PAGE 28 — RUC CSI DIAGNOSTICS
* – This page shows 2 examples of CSI diagnostics generated from RUC-2 model data using GEMPAK. There are some uncertainties in how AWIPS calculates similar parameters, so GEMPAK output is shown here.
* – The first image is 700-750 mb Moist Geostrophic Potential Vorticity (orange shading), along with contours of Conditional Instability within that layer. High MPVg* values can be seen across southeastern New Mexico and parts of the Big Bend region of Texas, but Conditional Instability remains well east of the KMAF CWA (across eastern Texas)
* – Click on the “Toggle” button to show 300-400 mb Potential Vorticity (orange shading) and PV Advection (solid contours), along with 850 mb Frontogenesis (dotted countours).
* – Very little 850 mb Frontogenetic forcing is evident, but upper-level PV advection is strong across much of the KMAF CWA
PAGE 29 — RUC CSI XSEC FADER
* – This page shows S-N cross sections from the 11/11 UTC run of the RUC-2 model, along 102 W longitude (KMAF is near the center of the cross section); solid contours are Theta-E* (K), with shaded regions of Moist Geostrophic Potential Vorticity (orange)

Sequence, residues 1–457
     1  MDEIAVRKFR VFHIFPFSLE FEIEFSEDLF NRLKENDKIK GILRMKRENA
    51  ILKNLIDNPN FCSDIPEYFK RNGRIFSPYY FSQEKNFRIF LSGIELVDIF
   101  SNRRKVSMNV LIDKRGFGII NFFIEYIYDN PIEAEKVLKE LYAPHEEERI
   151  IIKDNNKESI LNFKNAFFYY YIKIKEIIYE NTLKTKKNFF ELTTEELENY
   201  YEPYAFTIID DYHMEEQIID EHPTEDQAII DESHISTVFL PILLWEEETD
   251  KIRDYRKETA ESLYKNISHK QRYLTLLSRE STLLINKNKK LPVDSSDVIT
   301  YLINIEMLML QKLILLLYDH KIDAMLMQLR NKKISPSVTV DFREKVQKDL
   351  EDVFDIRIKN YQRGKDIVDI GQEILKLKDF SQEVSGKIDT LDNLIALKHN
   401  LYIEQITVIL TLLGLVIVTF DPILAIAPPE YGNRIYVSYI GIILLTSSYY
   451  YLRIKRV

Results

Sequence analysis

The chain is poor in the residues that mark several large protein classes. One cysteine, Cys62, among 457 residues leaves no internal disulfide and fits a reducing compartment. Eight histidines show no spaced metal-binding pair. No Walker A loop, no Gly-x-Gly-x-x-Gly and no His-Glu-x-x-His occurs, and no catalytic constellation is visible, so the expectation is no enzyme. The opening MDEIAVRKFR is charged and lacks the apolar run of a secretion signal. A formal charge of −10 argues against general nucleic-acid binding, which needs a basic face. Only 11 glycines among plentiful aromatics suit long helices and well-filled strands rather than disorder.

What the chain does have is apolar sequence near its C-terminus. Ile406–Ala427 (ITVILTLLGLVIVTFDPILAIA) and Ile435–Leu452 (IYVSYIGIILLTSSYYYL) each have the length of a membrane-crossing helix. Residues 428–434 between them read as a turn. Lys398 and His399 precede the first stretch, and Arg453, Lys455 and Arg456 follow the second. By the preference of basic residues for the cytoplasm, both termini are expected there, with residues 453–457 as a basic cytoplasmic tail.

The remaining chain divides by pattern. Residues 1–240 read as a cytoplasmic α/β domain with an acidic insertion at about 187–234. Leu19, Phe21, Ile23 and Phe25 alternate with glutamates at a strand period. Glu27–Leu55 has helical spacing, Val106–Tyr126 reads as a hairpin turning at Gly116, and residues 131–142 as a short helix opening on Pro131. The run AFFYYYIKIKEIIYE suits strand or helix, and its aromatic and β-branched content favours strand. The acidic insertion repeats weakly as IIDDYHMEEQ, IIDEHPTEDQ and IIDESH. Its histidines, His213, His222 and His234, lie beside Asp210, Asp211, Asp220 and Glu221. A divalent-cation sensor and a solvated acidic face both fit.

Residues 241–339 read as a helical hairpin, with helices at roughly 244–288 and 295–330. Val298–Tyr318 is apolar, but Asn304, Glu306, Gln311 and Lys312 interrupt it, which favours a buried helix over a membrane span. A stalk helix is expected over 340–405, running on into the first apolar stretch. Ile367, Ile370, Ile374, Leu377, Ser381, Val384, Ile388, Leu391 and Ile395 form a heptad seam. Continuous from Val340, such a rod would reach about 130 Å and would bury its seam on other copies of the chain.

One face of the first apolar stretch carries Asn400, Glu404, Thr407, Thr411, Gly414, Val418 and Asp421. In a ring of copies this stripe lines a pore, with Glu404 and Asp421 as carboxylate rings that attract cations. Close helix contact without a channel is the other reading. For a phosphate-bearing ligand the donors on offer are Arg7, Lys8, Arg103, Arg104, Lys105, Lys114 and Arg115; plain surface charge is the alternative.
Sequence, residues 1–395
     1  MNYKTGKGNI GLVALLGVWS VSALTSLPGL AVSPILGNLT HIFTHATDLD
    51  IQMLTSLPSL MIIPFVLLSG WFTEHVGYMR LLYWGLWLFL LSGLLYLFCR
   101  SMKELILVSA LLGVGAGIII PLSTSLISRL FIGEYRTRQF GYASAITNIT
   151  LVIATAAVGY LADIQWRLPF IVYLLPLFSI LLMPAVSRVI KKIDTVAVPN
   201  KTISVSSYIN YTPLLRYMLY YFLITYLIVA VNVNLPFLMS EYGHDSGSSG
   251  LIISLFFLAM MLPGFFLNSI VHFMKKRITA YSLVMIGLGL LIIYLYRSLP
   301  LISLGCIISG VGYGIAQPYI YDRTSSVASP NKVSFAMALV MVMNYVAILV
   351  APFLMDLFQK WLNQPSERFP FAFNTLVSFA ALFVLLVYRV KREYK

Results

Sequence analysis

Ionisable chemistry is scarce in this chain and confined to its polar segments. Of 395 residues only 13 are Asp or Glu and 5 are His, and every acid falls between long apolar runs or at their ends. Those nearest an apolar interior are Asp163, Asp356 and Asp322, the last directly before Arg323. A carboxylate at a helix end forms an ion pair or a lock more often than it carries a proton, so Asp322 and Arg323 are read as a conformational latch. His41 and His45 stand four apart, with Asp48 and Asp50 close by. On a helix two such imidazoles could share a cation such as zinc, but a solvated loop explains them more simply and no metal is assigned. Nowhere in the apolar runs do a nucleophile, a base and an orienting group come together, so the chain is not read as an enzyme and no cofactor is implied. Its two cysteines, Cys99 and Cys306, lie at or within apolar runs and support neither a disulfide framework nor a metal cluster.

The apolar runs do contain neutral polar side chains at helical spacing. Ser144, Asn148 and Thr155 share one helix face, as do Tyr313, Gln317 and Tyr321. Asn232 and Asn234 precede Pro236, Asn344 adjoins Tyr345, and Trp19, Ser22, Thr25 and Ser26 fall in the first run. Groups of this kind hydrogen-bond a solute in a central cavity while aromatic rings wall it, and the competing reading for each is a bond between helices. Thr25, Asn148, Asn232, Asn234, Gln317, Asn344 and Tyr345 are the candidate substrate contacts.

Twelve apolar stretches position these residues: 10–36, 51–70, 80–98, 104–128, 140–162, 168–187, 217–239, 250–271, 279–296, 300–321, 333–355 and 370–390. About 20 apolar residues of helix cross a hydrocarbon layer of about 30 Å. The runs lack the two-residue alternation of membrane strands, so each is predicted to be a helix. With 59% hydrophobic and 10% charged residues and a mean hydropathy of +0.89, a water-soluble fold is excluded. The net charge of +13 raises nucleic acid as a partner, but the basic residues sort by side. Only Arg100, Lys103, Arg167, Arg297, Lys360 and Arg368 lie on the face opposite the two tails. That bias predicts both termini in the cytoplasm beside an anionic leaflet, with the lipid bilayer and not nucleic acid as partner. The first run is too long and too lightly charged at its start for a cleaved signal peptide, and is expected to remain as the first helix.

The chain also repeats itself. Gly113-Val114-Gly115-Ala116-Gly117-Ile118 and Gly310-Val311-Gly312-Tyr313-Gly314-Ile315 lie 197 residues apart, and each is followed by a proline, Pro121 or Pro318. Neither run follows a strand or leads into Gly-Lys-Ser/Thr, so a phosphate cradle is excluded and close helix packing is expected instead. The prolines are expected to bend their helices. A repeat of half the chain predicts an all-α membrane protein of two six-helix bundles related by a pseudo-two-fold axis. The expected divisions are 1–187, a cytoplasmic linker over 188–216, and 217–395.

* – Click on the “Toggle” button to show a corresponding cross section of Relative Humidity (orange shading, greater thn 80%) and Frontogenesis; note the deep layer of moist air extending upward into the region of mid to upper level frontogenesis over the southern and central portions of the cross section.
PAGE 30 — 10.7 IR / CG LTG LOOP
* – This is a loop of GOES 10.7 micrometer IR at 30-minute intervals, covering the period 03:15 to 17:32 UTC. National Lightning Detection Network (NLDN) 15-minute Cloud-to-Ground (CG) strikes are plotted in cyan.